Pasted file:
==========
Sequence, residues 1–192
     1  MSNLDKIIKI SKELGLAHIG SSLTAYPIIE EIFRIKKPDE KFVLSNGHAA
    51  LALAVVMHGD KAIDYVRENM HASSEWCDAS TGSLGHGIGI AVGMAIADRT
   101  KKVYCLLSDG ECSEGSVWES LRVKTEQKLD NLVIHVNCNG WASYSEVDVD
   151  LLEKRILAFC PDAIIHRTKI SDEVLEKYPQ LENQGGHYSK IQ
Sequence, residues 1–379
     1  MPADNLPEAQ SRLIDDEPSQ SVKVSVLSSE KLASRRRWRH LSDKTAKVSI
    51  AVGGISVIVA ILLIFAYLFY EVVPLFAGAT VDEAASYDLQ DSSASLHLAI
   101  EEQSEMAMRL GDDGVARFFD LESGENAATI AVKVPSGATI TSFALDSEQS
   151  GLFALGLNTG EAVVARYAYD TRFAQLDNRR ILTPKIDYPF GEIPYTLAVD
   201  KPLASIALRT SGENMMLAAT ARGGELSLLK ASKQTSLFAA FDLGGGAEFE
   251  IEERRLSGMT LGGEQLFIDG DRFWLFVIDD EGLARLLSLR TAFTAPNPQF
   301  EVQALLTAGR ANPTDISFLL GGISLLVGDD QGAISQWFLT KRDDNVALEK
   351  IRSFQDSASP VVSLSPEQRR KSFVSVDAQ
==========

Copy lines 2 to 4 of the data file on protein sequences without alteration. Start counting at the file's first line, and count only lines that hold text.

     1  MSNLDKIIKI SKELGLAHIG SSLTAYPIIE EIFRIKKPDE KFVLSNGHAA
    51  LALAVVMHGD KAIDYVRENM HASSEWCDAS TGSLGHGIGI AVGMAIADRT
   101  KKVYCLLSDG ECSEGSVWES LRVKTEQKLD NLVIHVNCNG WASYSEVDVD